Plants That Can Grow Well Under Artificial Lights
The fact is that plants grow just as well, or even better, under artificial lights than they do under sunlight. This environment usually supports optimal plant growth because it provides the right amount of light, humidity, fertilizer, heat, and precipitation.
Snake plant is also known as mother-in-law’s tongue, and it is characterized by sword-like leaves which have golden stripes.
The Cast-iron Plant
The plant is a long-day plant that reaches heights up to 24 inches (61 cm). It is exceptionally sensitive to low light, dampness, and dust.
It can be found in moist soil and prefers average interior temperatures. The peace lily has sword-like leaves like snake plants but produces a creamy white spathe similar to a large cupped flower.
Dracaena and Philodendrons
There are many varieties of this plant, often with leaves of diverse colors or speckles of different colors, and these are excellent options as indoor plants in artificial light environments.
It is composed of spinach, radishes, kale, lettuce, mache, chives, carrots, sorrel, tomatoes, peppers, chard, basil, and so forth.
The herbs chives, catmint, cilantro, basil, parsley, oregano, lavender, and rosemary can be used in cooking.
Roses, Aglaonema, daisies, pepperomia, geraniums, pepperomias, pepperoni, geraniums, pepperoni, pepperonias, etc.
Berries, apples, oranges, etc.
aloe vera, haworthias, a gasteria, flaming Katy, crassulas, etc.
There are many kinds of plants in your garden, including croton, spider plant, English ivy, asparagus ferns, prayer plants, philodendrons, African violets, etc.
What Type of Lighting Is Best, and Why?
The lighting needs of different houseplants are different, but they rarely need more intense lighting than those that grow outdoors. The regular room lighting in the house and natural light from the windows will prove sufficient for houseplants that grow well in lower light conditions. A full-spectrum plant light bulb, or a compact fluorescent bulb and a LED bulb may be used with plants that need more radiation.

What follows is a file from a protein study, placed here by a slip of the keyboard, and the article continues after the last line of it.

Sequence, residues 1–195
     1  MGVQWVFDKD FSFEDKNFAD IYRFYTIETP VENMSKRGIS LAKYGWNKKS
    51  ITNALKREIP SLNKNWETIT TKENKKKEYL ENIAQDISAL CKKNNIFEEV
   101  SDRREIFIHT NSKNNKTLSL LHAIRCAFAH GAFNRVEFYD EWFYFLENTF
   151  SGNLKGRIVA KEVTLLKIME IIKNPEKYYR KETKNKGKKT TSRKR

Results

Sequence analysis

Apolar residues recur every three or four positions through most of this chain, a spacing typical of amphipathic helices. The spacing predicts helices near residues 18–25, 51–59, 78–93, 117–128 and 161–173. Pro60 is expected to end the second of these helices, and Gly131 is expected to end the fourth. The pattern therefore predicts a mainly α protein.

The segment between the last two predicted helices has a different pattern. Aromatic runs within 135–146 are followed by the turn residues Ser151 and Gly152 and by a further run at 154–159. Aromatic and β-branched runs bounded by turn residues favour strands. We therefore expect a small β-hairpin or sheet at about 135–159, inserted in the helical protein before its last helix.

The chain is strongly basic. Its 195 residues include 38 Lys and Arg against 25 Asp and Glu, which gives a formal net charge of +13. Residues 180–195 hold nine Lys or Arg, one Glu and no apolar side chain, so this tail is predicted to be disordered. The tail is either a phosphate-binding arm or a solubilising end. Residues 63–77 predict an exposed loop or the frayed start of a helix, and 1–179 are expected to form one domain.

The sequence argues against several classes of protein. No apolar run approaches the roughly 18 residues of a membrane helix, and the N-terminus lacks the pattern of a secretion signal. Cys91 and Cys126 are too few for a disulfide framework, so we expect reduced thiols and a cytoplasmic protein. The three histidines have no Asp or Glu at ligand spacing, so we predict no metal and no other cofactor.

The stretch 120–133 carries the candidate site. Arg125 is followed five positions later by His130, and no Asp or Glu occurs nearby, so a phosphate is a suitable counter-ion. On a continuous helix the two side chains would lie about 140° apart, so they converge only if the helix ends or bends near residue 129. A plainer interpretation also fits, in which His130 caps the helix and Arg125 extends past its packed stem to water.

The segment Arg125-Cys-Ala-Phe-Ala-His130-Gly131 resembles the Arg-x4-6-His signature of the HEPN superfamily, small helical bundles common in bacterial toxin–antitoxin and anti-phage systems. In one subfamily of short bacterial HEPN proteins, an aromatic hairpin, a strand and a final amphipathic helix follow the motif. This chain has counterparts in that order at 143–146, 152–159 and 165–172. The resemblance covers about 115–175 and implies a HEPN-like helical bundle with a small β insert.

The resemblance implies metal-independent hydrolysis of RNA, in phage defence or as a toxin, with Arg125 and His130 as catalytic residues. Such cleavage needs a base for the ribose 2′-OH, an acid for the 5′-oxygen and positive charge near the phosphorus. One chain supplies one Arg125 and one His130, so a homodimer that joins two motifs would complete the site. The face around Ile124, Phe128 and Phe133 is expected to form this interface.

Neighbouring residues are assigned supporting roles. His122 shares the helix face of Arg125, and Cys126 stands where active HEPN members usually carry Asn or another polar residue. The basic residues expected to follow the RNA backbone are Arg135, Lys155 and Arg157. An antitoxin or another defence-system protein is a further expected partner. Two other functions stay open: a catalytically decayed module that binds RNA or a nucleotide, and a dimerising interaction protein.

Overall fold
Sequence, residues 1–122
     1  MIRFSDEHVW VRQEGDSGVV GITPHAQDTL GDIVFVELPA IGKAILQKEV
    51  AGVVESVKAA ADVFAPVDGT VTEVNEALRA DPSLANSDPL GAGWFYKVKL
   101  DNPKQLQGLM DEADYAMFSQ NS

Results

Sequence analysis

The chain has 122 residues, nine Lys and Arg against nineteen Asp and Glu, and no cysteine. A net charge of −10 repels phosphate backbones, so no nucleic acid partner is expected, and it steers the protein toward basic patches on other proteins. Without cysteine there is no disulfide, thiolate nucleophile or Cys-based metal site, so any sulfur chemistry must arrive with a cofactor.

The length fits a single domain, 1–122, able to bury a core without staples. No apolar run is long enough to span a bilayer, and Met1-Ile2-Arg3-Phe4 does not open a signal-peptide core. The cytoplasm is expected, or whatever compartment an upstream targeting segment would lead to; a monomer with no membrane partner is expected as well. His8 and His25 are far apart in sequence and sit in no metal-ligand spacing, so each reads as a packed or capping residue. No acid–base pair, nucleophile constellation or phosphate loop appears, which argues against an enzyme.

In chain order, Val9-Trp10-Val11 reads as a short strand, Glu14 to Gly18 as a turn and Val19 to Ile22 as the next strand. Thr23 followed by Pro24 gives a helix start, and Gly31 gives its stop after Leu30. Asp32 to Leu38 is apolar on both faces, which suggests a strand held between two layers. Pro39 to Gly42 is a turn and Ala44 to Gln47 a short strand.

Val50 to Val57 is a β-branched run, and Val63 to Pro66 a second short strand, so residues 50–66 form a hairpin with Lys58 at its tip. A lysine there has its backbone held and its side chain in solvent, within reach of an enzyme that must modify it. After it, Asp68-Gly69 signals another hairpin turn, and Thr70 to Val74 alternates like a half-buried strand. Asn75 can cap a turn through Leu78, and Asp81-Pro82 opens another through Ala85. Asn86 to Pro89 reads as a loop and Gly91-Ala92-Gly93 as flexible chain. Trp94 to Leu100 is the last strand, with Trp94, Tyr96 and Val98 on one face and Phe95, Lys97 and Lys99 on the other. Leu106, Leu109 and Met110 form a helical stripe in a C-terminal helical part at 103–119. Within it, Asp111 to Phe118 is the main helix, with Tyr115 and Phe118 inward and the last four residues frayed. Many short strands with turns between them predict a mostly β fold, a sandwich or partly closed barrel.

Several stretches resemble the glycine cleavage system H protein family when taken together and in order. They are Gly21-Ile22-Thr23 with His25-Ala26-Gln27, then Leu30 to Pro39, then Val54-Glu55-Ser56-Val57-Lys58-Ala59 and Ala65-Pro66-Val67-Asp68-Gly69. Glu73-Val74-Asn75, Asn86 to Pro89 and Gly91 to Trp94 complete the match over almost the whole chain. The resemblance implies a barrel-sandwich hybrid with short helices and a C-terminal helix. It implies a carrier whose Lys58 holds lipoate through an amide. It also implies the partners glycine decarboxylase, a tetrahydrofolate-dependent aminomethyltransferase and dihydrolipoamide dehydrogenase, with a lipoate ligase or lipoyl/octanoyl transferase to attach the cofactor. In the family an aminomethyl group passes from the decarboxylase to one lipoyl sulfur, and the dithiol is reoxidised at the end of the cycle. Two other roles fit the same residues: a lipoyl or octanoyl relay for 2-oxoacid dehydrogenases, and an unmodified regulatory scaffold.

Providing light to indoor plants with fluorescent lighting has been proven effective over the years.
A lot of growers favor HID or LED lights since they offer a better chance to achieve healthier growth and flowering. Their popularity isn’t a surprise since they have done well since their introduction.
Set up a Planting Area or Indoor Garden
These three tips will help you to provide the best light for your indoor garden or houseplants.
In order to properly create an indoor garden, first consider how much space it takes up. Regardless of the position, shape, and size of your garden, be sure to plant it in a manner that allows enough space between each plant. Consequently, it is important that you ensure that plant pots and beddings are properly spaced.
It is important to decide how much space to allocate per pot or tray by considering the nature of your plants. Moreover, this allows for better growth. Also, such spacing makes it easy for movement and pruning.
Furthermore, you should choose bulbs that are bright and will cover your entire planting area. The size of your growing area determines whether or not you need more than one bulb. The same applies to houseplants.